Fluid Process EngineeringCopyright: © AVT.FVT
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Welcome to the Chair of Fluid Process Engineering!
The research of the chair of Fluid Process Engineering (AVT.FVT) covers the three low-temperature thermal separation processes: extraction, crystallization and chromatography, as well as multiphase reaction systems. The chair is headed by Prof. Dr.-Ing. Andreas Jupke.
The aim of our research is to generate a deeper understanding of these separation processes by investigating the underlying fundamental phenomena. Using a combination of experimental and model-based methods, we are able to analyze the occurring phenomena such as kinetic effects and thermodynamic phase equilibria. To this end, mechanistic models as well as data-driven models are used. The models are parameterized and validated by targeted measurements in tailor-made measuring devices with high-resolution measurement techniques.
Based on these findings, we can apply model-based design tools to develop single devices as well as complex separation sequences. Besides commercially available simulation software like CFD, we use in-house simulation models, which have been developed over years at our chair. These simulation models rely for example on a rate-based, population balance or compartment-based approach. We also use these tools to develop model-based methods for an optimal selection of extraction solvents or adsorbents.
To intensify processes, reaction and separation techniques can be integrated. A current example is the in situ product separation by extraction. Equilibrium conditions, product inhibition or undesired subsequent reactions often limit the yield and selectivity of a reaction. By extracting the target component into a second liquid phase, yield and selectivity increase significantly.
Another key topic is the electrification of thermal separation processes. The integration of electrochemical process steps into separation sequences enables closed recycle streams within the process, which reduces the use of auxiliary materials and minimizes waste production. One concept that has been successfully demonstrated is the integrated electrochemical regeneration of acid and base to avoid salt waste in biotechnology processes. In this context, an electrified pH-swing reactive extraction and an electrochemically induced crystallization process for the recovery of bio-based carboxylic acids have been developed. Other process intensification technologies investigated at our chair include centrifugal extraction as well as reactive and microgel-assisted extraction.
In terms of the application, our research is primarily directed at the development of new processes in the context of bioeconomy, circular economy and renewable energy. The goal for example of bioeconomy processes is to facilitate the change from fossil to renewable raw materials. The increasing use of renewable raw materials and biotechnological syntheses lead to an increased use of extraction, crystallization and chromatography. Compared to distillation, these separation techniques need less energy and allow the processing of temperature-sensitive products. While petrochemical processes predominantly require separation of non-polar fossil raw materials in organic solvents, the recovery of highly functionalized components from biomass primarily takes place in aqueous liquid-phase processes. The effects of accompanying components from biomass or biochemical conversion on the fundamental phenomena of extraction, crystallization, and chromatography are still poorly understood.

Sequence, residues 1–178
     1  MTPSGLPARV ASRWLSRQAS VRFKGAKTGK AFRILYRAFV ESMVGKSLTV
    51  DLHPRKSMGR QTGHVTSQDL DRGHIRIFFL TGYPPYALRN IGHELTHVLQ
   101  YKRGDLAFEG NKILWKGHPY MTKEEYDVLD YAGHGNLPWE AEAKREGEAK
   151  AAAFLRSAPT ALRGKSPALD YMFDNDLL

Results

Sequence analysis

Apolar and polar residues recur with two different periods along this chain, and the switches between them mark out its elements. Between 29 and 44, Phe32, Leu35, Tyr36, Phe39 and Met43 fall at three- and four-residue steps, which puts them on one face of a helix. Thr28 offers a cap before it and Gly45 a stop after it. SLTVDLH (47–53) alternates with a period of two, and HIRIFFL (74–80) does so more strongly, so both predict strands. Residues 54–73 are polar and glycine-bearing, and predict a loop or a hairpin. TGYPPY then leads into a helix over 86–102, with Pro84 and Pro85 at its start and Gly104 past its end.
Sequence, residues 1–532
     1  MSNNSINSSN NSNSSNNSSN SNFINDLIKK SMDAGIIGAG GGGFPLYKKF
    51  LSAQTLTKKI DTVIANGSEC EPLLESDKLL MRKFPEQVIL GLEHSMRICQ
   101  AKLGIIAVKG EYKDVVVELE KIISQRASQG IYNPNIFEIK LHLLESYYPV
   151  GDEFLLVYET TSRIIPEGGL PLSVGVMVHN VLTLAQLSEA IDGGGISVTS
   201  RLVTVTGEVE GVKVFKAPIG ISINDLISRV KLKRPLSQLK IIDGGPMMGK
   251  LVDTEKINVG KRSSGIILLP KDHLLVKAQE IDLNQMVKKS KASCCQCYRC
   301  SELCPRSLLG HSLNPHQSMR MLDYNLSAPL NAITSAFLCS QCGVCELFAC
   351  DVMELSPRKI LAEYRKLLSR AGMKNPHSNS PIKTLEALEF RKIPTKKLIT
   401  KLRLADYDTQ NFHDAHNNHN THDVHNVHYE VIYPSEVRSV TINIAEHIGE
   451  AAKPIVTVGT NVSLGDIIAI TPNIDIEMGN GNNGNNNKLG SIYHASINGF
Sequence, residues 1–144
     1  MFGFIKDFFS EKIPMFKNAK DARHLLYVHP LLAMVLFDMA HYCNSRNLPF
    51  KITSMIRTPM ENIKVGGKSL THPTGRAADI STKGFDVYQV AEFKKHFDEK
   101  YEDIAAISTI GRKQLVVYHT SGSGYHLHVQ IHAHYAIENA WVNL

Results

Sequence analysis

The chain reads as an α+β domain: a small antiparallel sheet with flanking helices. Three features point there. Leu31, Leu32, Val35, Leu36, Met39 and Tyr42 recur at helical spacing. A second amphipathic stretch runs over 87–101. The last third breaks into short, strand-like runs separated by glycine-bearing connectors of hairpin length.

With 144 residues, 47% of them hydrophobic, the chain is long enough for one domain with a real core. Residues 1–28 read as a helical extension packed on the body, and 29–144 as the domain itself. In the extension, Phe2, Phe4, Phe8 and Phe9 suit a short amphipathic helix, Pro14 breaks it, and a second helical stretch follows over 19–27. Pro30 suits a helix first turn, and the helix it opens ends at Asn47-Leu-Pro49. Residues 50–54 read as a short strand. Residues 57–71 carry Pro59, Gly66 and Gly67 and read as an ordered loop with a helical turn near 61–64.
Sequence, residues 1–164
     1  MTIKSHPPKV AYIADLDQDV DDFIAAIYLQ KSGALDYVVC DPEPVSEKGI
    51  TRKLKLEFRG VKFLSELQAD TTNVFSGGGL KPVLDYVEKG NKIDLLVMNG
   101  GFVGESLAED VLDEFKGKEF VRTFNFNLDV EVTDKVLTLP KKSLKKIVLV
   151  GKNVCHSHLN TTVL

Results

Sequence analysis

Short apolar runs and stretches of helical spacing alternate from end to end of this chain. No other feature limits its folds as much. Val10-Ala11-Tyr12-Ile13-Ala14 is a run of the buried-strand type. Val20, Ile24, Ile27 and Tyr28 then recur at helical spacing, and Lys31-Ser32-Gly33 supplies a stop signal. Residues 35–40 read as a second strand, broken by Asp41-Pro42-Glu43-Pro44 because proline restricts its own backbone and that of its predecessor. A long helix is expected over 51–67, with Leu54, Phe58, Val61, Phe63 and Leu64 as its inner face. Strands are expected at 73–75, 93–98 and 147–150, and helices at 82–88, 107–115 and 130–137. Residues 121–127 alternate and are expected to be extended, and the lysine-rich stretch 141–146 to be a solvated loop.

The use of fluctuating renewable energy has increased. This poses a challenge on separation processes in general, as they may need to be operated more dynamically in the future. The ongoing digitalization of the process industry as well as the development of new sensor technology offer a wide range of potential improvements for the design and operation of separation processes. Extraction, chromatography and crystallization processes additionally make an important contribution towards a circular economy due to their use in the recycling of different residual material streams. For example, we develop processes for the conversion of CO2 and H2 in multiphase reactions, for the recovery of metals and rare earths, and for the separation of depolymerized plastics.
The resulting variety of processes and approaches, as well as their transfer to an industrially relevant scale, pose many new challenges for the development of separation technologies. We work in close cooperation with a large number of research institutes at RWTH Aachen University as well as external partners to realize an interdisciplinary and holistic approach to overcome those challenges. In our AVT’s in-house biorefinery we transfer the separation methods and entire processes developed in laboratory to technical scale. In doing so, we are able to study the fundamental phenomena and mechanisms on a technical scale and to analyze scaling effects thereof. In a current research project, an entire process for the production of a platform chemical from renewable raw materials is being scaled up to a technology readiness level (TRL) of six and evaluated techno-economically. This is a necessary step to transfer new products and processes from laboratory to their technical implementation.